Broken promises, dismantling human rights: One year of Taliban rule in Afghanistan

Broken promises, dismantling human rights: One year of Taliban rule in Afghanistan
Taliban fighters took Ghazni, near the capital Kabul in August 2021. Credit: Belga

One year after the Taliban seized power by force in Afghanistan, Belgium notes a clear setback for human rights and respect for fundamental freedoms, with women and girls gradually disappearing from public life.

Since seizing power a year ago, the Taliban have constantly violated human rights: peaceful protests have been met with violence, women's rights have been suppressed and extrajudicial killings and disappearances have been used to instil fear in the population.

In a recent report, the United Nations pointed out that the erosion of women's rights is one of the most notable human rights issues of the past year.

"Measures are progressively erasing women and girls from public life," Belgium's Foreign Minister Hadja Lahbib said in a press release, "such as denial of access to secondary schools and suspension of classes, obstacles to employment, lack of opportunities to participate in political and public life, and limits on their freedom of movement, association and expression, imposition of the hijab or burqa, and the requirement that women be accompanied by a male (man or boy) for travel, visits, and other activities in public life."

Dismantling 20 years of human rights

Additionally, the increase in forced marriages and child marriages seen in the country suggests devastating effects for generations to come. "These decisions go against the commitments given by the Taliban when they took power and make it impossible to resume relations with the regime."

Therefore, Amnesty International is calling on the Taliban to immediately stop committing gross human rights violations and crimes under international law. As the de facto authorities of Afghanistan, they must restore, protect and promote the rights of the Afghan people.

"A year ago, the Taliban publicly declared that they would protect and promote human rights, but the speed with which they are dismantling 20 years of human rights achievements is staggering," said Yamini Mishra regional director for South Asia at Amnesty International.

United international response is needed

Evictions were also reported in provinces across the country, adding to the already huge number of internally displaced people. By June 2022, the UN estimated the number of internally displaced Afghans at more than 820,000.

"Any hope of change has been dashed as the Taliban seek to rule through violent repression and complete impunity," she added. "Arbitrary detentions, torture, disappearances and summary executions are once again the order of the day. Women and girls are deprived of their rights and face a bleak future, deprived of education or the opportunity to participate in public life."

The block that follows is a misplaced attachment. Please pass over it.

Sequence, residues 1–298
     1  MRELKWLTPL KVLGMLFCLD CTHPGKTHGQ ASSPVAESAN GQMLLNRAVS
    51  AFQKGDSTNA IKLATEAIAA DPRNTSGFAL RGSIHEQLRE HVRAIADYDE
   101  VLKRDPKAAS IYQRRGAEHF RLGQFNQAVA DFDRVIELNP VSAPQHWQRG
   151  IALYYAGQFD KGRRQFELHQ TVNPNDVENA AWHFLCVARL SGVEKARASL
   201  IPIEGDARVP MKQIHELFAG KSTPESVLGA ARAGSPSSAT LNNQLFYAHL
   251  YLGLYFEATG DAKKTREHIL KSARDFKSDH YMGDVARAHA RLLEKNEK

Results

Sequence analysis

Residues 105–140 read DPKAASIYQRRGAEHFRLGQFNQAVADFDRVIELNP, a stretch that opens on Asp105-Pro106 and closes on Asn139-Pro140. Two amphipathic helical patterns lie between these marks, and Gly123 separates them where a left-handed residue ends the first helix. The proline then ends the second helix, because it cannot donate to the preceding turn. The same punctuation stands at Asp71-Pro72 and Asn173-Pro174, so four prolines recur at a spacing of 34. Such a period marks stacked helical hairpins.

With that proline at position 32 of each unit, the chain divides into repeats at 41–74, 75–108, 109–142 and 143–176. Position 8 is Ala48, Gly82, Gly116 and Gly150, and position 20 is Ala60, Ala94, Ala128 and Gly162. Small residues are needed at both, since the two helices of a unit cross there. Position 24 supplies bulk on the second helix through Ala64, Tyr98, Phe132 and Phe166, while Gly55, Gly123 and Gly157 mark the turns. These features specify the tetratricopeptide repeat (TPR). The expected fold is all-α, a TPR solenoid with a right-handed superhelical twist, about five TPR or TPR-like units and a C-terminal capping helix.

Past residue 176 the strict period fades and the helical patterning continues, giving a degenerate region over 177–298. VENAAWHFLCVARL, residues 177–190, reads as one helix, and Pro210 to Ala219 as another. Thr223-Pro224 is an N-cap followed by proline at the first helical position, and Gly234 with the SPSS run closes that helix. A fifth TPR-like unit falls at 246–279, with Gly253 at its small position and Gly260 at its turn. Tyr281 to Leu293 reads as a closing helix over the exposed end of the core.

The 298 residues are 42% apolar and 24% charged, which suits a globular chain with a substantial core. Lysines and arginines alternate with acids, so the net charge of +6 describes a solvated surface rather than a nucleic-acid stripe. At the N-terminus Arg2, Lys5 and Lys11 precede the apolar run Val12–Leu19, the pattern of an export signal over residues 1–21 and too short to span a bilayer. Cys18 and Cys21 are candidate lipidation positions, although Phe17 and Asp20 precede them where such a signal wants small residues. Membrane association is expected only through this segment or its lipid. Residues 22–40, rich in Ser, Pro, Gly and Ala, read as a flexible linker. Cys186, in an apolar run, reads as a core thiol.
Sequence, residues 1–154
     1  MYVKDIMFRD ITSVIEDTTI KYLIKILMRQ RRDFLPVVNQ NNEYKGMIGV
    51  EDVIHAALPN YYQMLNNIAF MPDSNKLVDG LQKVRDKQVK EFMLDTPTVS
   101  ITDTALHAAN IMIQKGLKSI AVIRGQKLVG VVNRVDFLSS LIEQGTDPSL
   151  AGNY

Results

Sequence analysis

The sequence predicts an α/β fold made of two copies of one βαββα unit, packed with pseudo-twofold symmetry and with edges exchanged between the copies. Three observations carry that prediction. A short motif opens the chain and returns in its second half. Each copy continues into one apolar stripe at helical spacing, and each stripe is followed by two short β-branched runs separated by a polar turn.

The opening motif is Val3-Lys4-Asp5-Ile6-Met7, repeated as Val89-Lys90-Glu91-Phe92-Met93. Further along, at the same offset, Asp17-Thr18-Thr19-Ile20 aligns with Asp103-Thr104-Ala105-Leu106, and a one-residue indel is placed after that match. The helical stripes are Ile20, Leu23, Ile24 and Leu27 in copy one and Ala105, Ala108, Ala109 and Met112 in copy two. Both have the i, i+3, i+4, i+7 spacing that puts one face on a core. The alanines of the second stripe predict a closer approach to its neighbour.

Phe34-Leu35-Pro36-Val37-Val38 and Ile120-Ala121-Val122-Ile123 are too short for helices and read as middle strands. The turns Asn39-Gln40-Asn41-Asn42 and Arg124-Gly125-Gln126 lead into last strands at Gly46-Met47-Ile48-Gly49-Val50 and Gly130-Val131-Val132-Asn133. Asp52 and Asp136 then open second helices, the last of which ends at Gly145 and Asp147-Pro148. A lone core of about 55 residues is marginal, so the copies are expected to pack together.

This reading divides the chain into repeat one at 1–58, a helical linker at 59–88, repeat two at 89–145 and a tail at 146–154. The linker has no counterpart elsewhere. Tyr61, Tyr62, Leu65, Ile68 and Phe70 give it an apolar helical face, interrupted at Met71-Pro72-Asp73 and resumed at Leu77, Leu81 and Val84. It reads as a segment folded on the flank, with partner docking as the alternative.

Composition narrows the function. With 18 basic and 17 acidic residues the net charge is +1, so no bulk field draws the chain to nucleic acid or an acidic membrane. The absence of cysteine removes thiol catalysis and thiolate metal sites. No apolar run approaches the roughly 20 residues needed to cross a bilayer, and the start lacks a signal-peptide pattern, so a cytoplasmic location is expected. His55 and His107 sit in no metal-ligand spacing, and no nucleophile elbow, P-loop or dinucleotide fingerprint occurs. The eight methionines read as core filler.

"We cannot stand by and watch the human rights of an entire population being taken away. A strong and united international response is the only hope to end the nightmare that Afghans have been living for a year now," added Mishra.

At the international level, Lahbib stressed that Belgium is working to keep Afghanistan on the international agenda, notably at the Human Rights Council – exactly what Amnesty is urging the international community to do.

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Beyond humanitarian aid, Belgium also directly supports mechanisms for the protection of human rights and fundamental freedoms, such as funding protection centres for female human rights defenders and working to help with an Afghan media support project.

"More than 6 million Afghans have been forced to flee their homes, including 2.7 million refugees displaced across borders," said Harlem Desir, International Rescue Committee '(IRC) Senior Vice President for Europe.

"While the vast majority have remained in the region, those who make it to Europe must be welcomed with respect and dignity. The EU’s response to people fleeing Ukraine shows that this is possible."

Meanwhile, Vicki Aken, the IRC's Afghanistan Director, stressed that the Afghan people cannot be made to pay for the actions of their de facto authorities. "Without meaningful support, Afghanistan will continue on this trajectory - and the current crisis will kill far more Afghans than the past 20 years of war."

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